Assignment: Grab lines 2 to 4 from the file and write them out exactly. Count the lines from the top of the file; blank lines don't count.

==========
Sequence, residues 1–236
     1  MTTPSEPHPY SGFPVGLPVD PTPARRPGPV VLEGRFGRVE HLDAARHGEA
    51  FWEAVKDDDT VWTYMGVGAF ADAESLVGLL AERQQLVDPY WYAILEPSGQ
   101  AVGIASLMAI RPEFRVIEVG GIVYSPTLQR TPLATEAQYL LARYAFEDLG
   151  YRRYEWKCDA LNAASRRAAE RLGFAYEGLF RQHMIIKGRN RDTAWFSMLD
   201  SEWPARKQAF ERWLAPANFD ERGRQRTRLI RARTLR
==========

     1  MTTPSEPHPY SGFPVGLPVD PTPARRPGPV VLEGRFGRVE HLDAARHGEA
    51  FWEAVKDDDT VWTYMGVGAF ADAESLVGLL AERQQLVDPY WYAILEPSGQ
   101  AVGIASLMAI RPEFRVIEVG GIVYSPTLQR TPLATEAQYL LARYAFEDLG